After their wedding, David’s new father-in-law paid for his Diploma in Management. He left his wife just 2 days into their new lives knowing it would all be worth it. He studied the same way he won her heart. For her. For his angel. He did odd jobs to support himself in school and sent money back home to Sylvia. It is what a man would do, and David was a real man. He said he never looked at any other women when I asked. Sylvia is his soulmate. She saved all the envelops that came to her from Nairobi with little trinkets from a time he was walking down a street or some paper boat he made while thinking of her.
[Hello newbies…the link to the first part is this https://notyetadults.wordpress.com/2018/10/11/davids-angel/]
She travelled often to see him. Nairobi girls can spot a good man from a mile away. She did not want hers taken before she had gotten used to the idea of being his wife. When she got pregnant, she rushed with the news to his classroom and they were thrown out for disrupting the lesson. They didn’t care. They were in love. The perfect duo. The Legend to her Chrissy.
Dave Kalalei was born on a cold July morning in 1996. His father was by his mother’s side the whole time. He changed diapers and got puked on. He loved every single second of it. He held her hand through his brother’s birthday too, two years later. Dave does not recall this day. He was too young to remember his father receiving the call that changed him from the guy who gave piggyback rides to a stern-frowning ever-shouting monster who hit them with belts, threw boots at them and one time, when Dave was 16, his mother’s jiko.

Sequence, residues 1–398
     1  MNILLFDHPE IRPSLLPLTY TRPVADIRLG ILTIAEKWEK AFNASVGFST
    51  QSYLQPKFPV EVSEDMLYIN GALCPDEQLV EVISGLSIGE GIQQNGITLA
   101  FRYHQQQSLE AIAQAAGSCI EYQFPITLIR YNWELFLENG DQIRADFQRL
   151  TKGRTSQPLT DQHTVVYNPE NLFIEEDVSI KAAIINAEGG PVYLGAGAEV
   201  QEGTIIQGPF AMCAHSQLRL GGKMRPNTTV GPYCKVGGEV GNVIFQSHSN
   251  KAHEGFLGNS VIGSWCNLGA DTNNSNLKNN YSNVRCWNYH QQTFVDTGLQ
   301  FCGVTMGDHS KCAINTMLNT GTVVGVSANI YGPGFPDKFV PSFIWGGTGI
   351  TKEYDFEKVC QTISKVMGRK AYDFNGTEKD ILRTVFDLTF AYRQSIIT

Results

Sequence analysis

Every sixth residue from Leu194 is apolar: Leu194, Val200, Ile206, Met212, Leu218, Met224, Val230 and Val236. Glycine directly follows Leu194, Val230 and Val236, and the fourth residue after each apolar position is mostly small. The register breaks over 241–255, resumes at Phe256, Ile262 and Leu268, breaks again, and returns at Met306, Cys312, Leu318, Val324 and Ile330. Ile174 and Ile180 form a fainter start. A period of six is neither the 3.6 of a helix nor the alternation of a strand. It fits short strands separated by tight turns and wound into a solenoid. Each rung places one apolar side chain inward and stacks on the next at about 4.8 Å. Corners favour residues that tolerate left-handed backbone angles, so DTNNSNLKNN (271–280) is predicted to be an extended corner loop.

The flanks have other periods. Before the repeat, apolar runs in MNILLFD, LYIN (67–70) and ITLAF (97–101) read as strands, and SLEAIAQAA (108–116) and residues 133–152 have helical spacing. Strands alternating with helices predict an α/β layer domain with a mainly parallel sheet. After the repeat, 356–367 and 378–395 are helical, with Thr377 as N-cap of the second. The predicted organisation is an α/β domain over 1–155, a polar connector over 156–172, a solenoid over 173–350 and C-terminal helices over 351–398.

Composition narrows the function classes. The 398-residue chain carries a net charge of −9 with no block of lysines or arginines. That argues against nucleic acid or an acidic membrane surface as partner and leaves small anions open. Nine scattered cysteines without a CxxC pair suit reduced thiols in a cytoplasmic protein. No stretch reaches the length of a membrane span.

The phone call came with the second most terrifying scream David Kalalei has ever heard. He was driving his wife and newborn son from the hospital when his phone rang with an unknown number. Usually, he never answers numbers he has not saved but he was so happy he had to tell someone. It didn’t matter if it was a wrong number call. His wife wishes he never answered this one call.
“Hello?” he must have said with a smile on his face. The kind of smile that comes with the joy of being a new father to a healthy baby boy.
“Kalalei? David Kalalei?”
“I’m calling about your mother.”
David must have frozen, recalling the last time he had even thought of his mother. When she could barely set her eyes on him. When she made that terrible sound from her throat that caused his heart to shred to bits. She had called to strangers to come take her murderous son who had slain her Goliath.
“I don’t ha…”
“She passed away.”
He must have suddenly hit the brakes and caused his wife and son to be thrust forward (this is for science…inertia and all. See? I paid attention in school too).
As if on cue, some random woman in the background let out a scream after the caller said this. The second worst sound he has ever heard. He felt in his bones the farce that was the scream. The choreographed delusion that clearly elaborated the sham he was. He was one with the scream. Morphed into it. A futile joke that showed his mother’s mistakes. He stopped the car, got out and walked. Sylvia did not know what to do. She followed him, trying to ask what the problem was. He just walked.
I’m starting to think David is a walker.
She went back to the car and found the caller still on the phone. They needed to go back to Baringo to plan the funeral. They were the only family Maria Kalalei had. Nothing could be done without their consent. She tried to look down the road David had taken. Nothing. He was not coming back. Her David was broken once more. She thanked the man and hang up.
When she got home, her husband was not there. He was always home, on the couch by the TV. Not watching it, he never watched TV. He is a radio man, that David. What he liked was watching Dave watch cartoons on the box with pictures. But he was not there. He did not come home that night. There was a knock at dawn. She had not slept. Her hero of a husband was at the door in the morning, reeking of alcohol. He never drank, except for the occasional celebratory wine. But he reeked. She looked at him once and asked if he wanted a shower. No answer. He got into the house and went straight for the bedroom. In the 8 years she had known him, she always got an answer. It didn’t matter if she had angered him or if he was exhausted to death.